Mike Parsons, a fellow big wave surfer, caught the wave immediately after Mark’s and wiped out. Mike says he bumped into another surfer while violently churning in the cold icy water. He later realized that he collided with Mark. This confirms that Mark experienced a two-wave hold down, and was likely still alive at their encounter. Mark did not surface, true to another quote that became his epithet, "If you want the ultimate thrill, you've got to be willing to pay the ultimate price." The truth is, using Mark's experience we may avoid paying the ultimate price.
Speed is an important factor of surfing, contributing excitement and thrills. More importantly, speed generates lift to support a surfboard with a rider on water's surface. A surfboard speeding on water generates support hydrodynamically. Speed stabilizes a surfboard, by generating water resistance. A speeding vessel applies force on water, but; little water moves. Water does not have time to move or displace from under any fast-moving vessel. At very low speed, water can move out of the way or displace, floatation becomes the supporting force, Archimedes Principle. When water cannot move fast enough to displace a vessel, it becomes somewhat impermeable. This characteristic of water provides resistance which supports speeding objects on its surface, Bernoulli's Principle.
Water also supports you in a shallow dive or fall. As you penetrate water in a dive your body pushes the water out of your path. Water pressure against your body is hydrodynamic force or resistance. Your energy is transferred to water in the form of waves. You generate waves, slowing and descending deeper until your energy or speed dissipates. Descent into liquid is only possible, if the medium has time to move out of your way.
Should you fall from a great height, you will impact water with speed. Speed increases with height, increasing impact force. Water will momentarily stop you on its surface. Your body will absorb the impact, before you decelerate and submerge deeper. Falls from heights over 200 feet may cause serious injury. Landing flat with your body open and outstretched, further resists penetration and increases risk of injury.
The same resistance can also stop or suddenly decelerate a speeding surfboard. A surfboard can suddenly impact water's surface, causing a disruption and a spill. The surfboard may also dive to a sudden stop by impacting water on the wave bottom. The resulting spill may eject a surfer into a churning mix of turbulent water. Once engulfed, a surfer is vulnerable to colliding with a sharp reef or his flying surfboard. These spills occur because water resists parting for speeding objects. Thus, creating one of the most dangerous wipe outs known as pearling, pearl diving or nose poking. All are the same.
A nose poke can abruptly stop a speeding surfboard. An abrupt stop catapults a surfer through space with speed and kinetic energy. The surfboard stopped because it impacted impermeable water, which had no time to move. The flat underside of the surfboard's nose bend, known as rocker, creates hydrodynamic resistance. Rocker is similar to the curved boards under grandma's rocking chair or a child's rocking horse. Forward curve keeps the nose out of water and rear curve helps lift the board out of water for maneuvering. High impact with the flat curve underside into unmovable water, abruptly stops movement. The result can be a dangerous wipe out. High nose rocker works if the underside clears without hard impact.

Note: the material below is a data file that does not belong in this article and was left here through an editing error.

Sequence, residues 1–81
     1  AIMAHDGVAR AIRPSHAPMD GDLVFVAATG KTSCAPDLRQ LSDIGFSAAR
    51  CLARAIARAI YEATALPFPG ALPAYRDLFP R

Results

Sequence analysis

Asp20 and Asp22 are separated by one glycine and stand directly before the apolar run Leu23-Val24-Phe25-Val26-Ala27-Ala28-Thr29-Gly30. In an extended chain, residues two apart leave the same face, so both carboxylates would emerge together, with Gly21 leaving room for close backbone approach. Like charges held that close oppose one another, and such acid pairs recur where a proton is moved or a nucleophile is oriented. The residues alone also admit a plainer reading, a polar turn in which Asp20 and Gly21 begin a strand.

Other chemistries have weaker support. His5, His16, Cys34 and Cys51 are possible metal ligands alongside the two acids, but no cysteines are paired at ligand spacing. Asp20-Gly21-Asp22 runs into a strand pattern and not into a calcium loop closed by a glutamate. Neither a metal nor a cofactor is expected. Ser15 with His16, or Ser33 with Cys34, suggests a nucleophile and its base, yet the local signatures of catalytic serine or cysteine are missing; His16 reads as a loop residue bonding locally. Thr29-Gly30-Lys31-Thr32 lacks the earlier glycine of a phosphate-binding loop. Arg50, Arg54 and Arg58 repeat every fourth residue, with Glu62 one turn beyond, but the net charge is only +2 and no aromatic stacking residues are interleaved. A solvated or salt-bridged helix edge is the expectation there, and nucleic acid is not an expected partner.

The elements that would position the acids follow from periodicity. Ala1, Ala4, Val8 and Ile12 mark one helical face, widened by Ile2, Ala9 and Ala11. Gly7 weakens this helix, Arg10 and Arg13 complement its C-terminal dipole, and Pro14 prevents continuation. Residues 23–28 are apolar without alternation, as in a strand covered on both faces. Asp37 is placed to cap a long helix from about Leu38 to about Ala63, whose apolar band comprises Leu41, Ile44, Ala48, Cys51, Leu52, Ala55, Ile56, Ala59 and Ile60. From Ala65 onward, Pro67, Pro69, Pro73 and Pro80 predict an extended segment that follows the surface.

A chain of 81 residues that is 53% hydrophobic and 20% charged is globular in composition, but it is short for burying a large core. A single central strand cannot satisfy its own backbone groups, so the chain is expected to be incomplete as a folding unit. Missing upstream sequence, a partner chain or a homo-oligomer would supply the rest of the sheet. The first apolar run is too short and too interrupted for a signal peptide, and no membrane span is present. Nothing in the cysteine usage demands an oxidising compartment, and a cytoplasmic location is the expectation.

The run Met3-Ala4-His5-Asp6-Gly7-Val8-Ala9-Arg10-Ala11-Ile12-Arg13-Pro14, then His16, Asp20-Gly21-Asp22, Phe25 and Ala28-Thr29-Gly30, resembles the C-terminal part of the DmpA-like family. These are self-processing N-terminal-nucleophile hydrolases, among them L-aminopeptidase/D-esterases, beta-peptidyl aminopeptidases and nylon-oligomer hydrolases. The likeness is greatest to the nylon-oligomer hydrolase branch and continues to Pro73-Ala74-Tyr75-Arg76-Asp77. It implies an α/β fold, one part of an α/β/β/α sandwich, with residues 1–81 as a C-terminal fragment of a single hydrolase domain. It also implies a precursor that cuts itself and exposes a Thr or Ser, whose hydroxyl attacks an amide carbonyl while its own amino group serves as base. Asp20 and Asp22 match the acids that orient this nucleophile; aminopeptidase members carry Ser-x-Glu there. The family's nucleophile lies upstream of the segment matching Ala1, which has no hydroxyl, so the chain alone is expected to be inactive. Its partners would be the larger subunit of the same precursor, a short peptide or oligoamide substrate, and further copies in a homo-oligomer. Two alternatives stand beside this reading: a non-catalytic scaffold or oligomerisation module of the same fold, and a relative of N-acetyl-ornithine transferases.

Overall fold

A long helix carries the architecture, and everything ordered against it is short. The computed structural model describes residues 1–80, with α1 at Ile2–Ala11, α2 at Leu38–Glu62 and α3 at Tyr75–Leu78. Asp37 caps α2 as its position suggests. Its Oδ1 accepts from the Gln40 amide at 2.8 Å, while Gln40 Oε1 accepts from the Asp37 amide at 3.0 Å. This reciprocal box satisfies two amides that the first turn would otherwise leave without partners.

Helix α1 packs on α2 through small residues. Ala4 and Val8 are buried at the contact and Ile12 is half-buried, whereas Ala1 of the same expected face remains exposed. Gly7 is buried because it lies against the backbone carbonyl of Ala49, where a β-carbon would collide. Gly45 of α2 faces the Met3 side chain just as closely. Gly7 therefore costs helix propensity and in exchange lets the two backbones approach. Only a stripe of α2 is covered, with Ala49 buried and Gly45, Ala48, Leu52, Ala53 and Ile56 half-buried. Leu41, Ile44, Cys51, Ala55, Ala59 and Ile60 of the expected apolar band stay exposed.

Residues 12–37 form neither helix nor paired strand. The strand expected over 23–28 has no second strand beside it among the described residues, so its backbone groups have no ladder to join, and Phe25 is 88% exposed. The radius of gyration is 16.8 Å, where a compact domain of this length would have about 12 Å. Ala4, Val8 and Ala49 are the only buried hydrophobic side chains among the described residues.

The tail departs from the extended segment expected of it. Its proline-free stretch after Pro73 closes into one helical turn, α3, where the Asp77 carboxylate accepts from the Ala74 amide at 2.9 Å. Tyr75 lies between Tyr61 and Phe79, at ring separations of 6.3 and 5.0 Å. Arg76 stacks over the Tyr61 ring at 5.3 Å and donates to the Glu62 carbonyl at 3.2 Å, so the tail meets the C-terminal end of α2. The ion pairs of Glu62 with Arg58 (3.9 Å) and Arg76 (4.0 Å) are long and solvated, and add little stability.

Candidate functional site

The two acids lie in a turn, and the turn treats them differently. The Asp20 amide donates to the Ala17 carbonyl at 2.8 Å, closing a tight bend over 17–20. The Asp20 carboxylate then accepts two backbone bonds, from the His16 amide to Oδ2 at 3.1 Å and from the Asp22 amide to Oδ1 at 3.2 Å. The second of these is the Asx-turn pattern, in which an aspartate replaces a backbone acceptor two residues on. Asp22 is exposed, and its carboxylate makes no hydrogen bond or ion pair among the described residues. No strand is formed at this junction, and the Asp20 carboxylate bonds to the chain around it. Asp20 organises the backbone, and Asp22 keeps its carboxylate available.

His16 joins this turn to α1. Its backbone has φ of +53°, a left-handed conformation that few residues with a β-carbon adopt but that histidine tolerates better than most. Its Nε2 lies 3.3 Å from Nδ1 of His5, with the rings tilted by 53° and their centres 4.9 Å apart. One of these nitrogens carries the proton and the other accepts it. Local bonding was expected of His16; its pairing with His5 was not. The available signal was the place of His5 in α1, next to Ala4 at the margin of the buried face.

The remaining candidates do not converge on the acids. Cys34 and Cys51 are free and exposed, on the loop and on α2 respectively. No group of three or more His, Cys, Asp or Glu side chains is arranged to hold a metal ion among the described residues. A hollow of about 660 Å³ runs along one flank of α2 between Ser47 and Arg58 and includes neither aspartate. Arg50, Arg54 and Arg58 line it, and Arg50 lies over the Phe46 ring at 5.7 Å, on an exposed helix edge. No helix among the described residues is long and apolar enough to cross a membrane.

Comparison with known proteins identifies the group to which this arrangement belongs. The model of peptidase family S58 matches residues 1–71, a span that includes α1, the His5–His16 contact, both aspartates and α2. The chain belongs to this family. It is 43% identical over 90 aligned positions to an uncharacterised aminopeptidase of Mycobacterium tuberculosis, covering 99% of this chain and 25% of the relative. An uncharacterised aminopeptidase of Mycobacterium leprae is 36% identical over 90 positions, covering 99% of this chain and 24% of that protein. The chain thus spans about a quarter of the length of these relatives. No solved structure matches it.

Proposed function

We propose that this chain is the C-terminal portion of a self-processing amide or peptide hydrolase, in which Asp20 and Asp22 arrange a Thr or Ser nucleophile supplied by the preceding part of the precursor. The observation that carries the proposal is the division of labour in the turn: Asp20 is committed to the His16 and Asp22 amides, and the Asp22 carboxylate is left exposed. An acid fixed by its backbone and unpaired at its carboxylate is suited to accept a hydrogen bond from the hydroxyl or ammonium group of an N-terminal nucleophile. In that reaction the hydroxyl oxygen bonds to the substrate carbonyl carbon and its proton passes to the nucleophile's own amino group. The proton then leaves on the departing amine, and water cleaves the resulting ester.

The red area in the above illustration is exposed to high impact with water. The upward curve keeps the tip out of water, however; with high impact on the bent flat surface or red zone, optimizes resistance or lift. This can abruptly stop movement with a push back effect.
Experiments with bottom contours, which reduce hydrodynamic resistance, have reduced abrupt stops and catapulting. Pearling and nose pokes can be reduced by cushioning nose impacts with water. Water parts for more pointed surfaces and cushions around curved or rounded surfaces.
Surfing has evolved to include aerial maneuvers. Flight is accompanied by hard flat landings. On a hard flat impact, a falling surfboard and rider, collides with water that resists parting. This can cause dangerous wipe outs resulting in injuries. The most frequent wipe outs in aerials occur due to flat landings. Nose and tail landings are more successful. When a surfer weights the nose or tail, he increases the force of impact to penetrate water. A skilled surfer can recover and spin the board around, in a reverse landing. A surfboard is a board much like a flat piece of lumber. Flatness maximizes lift or resistance. This resisting force, hydrodynamic resistance or lift, is water which cannot move. A displacement nose underside or bow will part water and push it aside. This will allow the board to progress further and possibly recover.
In closing a review, speed eliminates time needed for water to out of the way of speeding vessels. Water cannot move, therefore upward pressure builds and generates lift to support the speeding vessel. Pressure prevents fast moving flat objects from submerging. Flat surfaces block water with speed. Most of the water in high speed contact with flat surfaces, stays in place and becomes relatively stationary. Speeding objects can then ride on water's surface. Alternatively, bowed, round or Veed surfaces release water pressure. They allow water to move out of the wave to reduce impact. This is what Tom Blake and Duke Kahanamoku used in some of their surfboard designs. Some old designs will work today.